FIG. 1A depicts a plan view of a test chip 100 of the present invention. The test chip 100 generally comprises a plurality of test structures, or modules 104 arranged on a substrate 102. In the embodiment depicted in FIG. 1A, the plurality of modules 104 are arranged in a grid pattern that substantially fills or covers the upper surface of the substrate 102. Alternatively, the plurality of modules 104 may be arranged in any geometric or random pattern on the substrate 102. The substrate 102 is generally a conventional semiconductor substrate, such as a 200 or 300 millimeter silicon wafer. It is contemplated that the test modules 104 may be formed on a substrate 102 having other devices formed thereon, such as partially or completely formed integrated circuits. For example, the test modules 104 may be formed on production substrates in the scribe lines between production dies, as described more fully below. Alternatively, substrates made of other materials or having other shapes or sizes may be used as a support base for the plurality of modules 104.

FIG. 1B depicts a simplified detail of one of the plurality of modules 104. Each module 104 includes one or more test groups 106 that include a test element—i.e., a line or device that is to be tested, referred to as a device under test, or DUT 108. The DUT 108 is a feature (e.g., a line) formed in the substrate and typically comprises a conductive metal, e.g., copper, suitable for use as an interconnect in an integrated circuit. The DUT 108 may be selected to reflect a design rule utilized in the design of an integrated circuit. The DUT 108 is formed to a desired width to be tested and is generally formed to the same thickness (i.e., depth) as desired in an actual integrated circuit in order to more accurately predict actual performance. In one embodiment, the DUT 108 is formed to a thickness of from about 1000 to about 10,000 Angstroms.

In one embodiment, each test group 106 includes a first and a second region of local density 110A, 110B (collectively 110) and a first and a second region of global density 112A, 112B (collectively 112) surrounding the DUT 108. As referred to herein, the terms local density and global density refer to either the respective region of local or global density, or the actual density of features within that region, as appropriate.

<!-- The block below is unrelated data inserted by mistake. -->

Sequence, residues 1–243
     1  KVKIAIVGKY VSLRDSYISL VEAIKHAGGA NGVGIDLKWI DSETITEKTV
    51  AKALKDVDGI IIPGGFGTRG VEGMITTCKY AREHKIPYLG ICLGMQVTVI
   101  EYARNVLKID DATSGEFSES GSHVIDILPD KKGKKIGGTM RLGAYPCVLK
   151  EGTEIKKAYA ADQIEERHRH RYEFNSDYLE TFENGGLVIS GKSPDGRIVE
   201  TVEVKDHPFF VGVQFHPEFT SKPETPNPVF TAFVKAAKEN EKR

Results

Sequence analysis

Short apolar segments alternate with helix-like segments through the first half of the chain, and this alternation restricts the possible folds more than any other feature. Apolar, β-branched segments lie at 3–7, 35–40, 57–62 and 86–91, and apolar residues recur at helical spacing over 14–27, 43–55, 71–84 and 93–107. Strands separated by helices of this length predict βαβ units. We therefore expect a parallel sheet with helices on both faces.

The regions of local density 110 and global density 112 are formed by one or more features formed in the substrate within each respective region and having a predefined ratio of conductive to non-conductive surface area. The DUT 108 is typically centrally disposed within the test group 106 and has the regions of local density 110A and 110B disposed on each side of the DUT 108. The regions of global density 112A and 112B flank the regions of local density 110, as depicted in FIG. 1B.

The regions of local density 110A, 110B may be uniform and symmetrical in either size or density on each side of the DUT 108. Similarly, the regions of global density 112A, 112B may be uniform and symmetrical in either size or density on each side of the regions of local density 110. Alternatively, either or both of the local and global densities 110A-B, 112A-B may be asymmetrical about the DUT 108.

In one embodiment, the regions of local density 110 and global density 112 are formed by a plurality of metal lines formed in the substrate having predefined line widths and line spacing, as described in more detail below. For both the local and the global densities, the density of the region is defined by the line width of the lines formed in that region divided by the line width plus the spacing between the lines in that region. For example, the local and global densities 110, 112 can be more easily understood and defined with respect to FIG. 2, which depicts a plan view of one embodiment of the test group 106. The DUT 108, having a width WDUT is centered in the test group 106. One or more lines 202 are disposed on each side of the DUT 108 (depicted in FIG. 2 as one line on each side of the DUT 108). The lines 202 have a width WL and are spaced apart from the DUT 108—and each other in embodiments where there are multiple lines 202—by a spacing SL. The lines 202 having a line width WL and spacing SL comprise the region of local density 110. The local density in the region 110 is defined by the sum of the widths WL of the lines 202 divided by the sum of the sum of the widths WL plus the sum of the spacings SL.